Rules serve to protect children

THOUSANDS of schoolchildren take one or two weeks out of the classroom every year, to find out what working life is like.The tradition offers a glimpse of what the future could hold for them.

THOUSANDS of schoolchildren take one or two weeks out of the classroom every year, to find out what working life is like.

The tradition offers a glimpse of what the future could hold for them.

The youngsters – usually while they are studying for GCSEs - are asked to express preferences about the sort of career they might like to pursue.

Their school then arranges short stints with local employers.


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Pupils shadow staff as they go about a typical week's work, often spending a day in each department of a larger company.

Placements are usually followed up by the teacher-in-charge, to see how the pupil fared and what they learned.

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Companies are legally obliged to ensure the health and safety of young untrained people during their stay.

The Health & Safety (Training for Employment) Regulations 1990 apply the provisions of the Health & Safety at Work Act 1974 to people on "work experience."

The following 'Best practice' advice is based on the Health & Safety at Work Act 1974, Management of Health & Safety at Work Regulations 1999, EC Directive No.94/33/EC and Health & Safety (Training for Employment) Regulations 1990:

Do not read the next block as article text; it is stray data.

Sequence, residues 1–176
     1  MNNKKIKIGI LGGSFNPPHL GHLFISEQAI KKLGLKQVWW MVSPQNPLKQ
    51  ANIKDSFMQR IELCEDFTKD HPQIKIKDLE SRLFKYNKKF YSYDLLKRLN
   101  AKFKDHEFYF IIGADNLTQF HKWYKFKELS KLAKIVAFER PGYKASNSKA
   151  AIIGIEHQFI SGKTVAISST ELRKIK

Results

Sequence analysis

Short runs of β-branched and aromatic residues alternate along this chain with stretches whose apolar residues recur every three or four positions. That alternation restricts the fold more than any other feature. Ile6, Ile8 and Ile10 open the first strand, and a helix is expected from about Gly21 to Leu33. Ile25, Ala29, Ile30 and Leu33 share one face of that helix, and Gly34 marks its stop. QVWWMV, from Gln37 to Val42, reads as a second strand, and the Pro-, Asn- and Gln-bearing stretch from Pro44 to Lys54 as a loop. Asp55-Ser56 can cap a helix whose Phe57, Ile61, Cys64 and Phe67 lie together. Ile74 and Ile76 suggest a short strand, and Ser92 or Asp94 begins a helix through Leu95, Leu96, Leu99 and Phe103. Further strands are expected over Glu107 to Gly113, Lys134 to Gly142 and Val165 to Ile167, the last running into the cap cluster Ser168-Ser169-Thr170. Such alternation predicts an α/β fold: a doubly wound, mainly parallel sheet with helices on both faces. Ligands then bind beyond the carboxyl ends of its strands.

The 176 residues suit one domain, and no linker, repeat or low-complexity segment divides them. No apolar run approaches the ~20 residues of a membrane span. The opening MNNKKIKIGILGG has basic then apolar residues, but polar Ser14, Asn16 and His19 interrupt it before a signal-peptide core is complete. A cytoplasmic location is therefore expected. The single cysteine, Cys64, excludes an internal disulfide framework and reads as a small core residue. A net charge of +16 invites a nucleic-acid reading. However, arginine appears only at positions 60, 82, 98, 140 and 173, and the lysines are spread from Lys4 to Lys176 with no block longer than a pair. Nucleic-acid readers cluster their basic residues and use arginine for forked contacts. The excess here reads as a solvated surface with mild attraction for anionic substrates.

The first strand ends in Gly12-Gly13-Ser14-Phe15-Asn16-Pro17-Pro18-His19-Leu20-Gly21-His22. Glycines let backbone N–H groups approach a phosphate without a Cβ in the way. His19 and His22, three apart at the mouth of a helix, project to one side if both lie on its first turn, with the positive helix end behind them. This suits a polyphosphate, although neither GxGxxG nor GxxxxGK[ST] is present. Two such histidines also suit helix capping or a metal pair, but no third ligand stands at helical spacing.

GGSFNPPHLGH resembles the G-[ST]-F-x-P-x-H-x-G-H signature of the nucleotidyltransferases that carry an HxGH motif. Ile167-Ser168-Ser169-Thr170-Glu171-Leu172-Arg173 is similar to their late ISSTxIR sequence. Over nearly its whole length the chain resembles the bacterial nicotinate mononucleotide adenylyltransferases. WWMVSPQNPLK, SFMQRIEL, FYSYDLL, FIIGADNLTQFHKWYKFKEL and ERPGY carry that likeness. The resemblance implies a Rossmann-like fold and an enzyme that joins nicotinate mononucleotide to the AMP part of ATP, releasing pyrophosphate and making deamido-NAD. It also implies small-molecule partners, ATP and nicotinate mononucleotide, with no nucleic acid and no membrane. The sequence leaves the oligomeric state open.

Induction:

All students should be given an induction into the Department to tell them who is who, where the canteen is, where the toilets are etc.

Part of this initial induction must contain information on Health & Safety - specifically:

When the fire alarms are tested and for how long (the weekly test)

What to do if the fire alarm goes off when it is not a test

What to do in the event of an accident

Risk Assessments:

Risk assessments to identify and address any risks associated with the work to be undertaken by students is a legal requirement.

"Normal" risks are those associated with office activities – VDU working, use of office equipment etc.

Machinery:

Wherever possible students should not be required to operate machinery.

If they have to operate machinery they must be properly trained and supervised at all times by someone who knows the proper safe operating procedures of the machine in question.

The exception to this is the use of office machines such as computers, photocopiers, and printers.

Manual handling:

No students should be required to lift heavy objects.

Hazardous substances and other risks:

The law specifically requires that companies address the inexperience and immaturity of young persons, together with their lack of awareness of risks, and protect them from undertaking tasks involved with hazardous substances like lead, asbestos, toxic chemicals, fierce or poisonous animals, corrosive or explosive chemicals, and high voltage electricity.

Night Working, Rest Periods and Rest Breaks:

Young persons may not be assigned to work between 2200 hrs and 0600 hrs.

Young persons are entitled to a daily rest period of at least 12 consecutive hours in each 24-hour period and a period of at least 48 hours in each seven day period.

Duty to provide information:

The Management of Health and Safety at Work Regulations 1999 requires employers to provide parents or guardians with information on any risks to health and safety identified in the risk assessments and the necessary control measures to be put in place before the work placement takes place.

Insurance:

Employers must provide Employers' Liability Insurance for employees and ensure that this cover extends to students on work experience.

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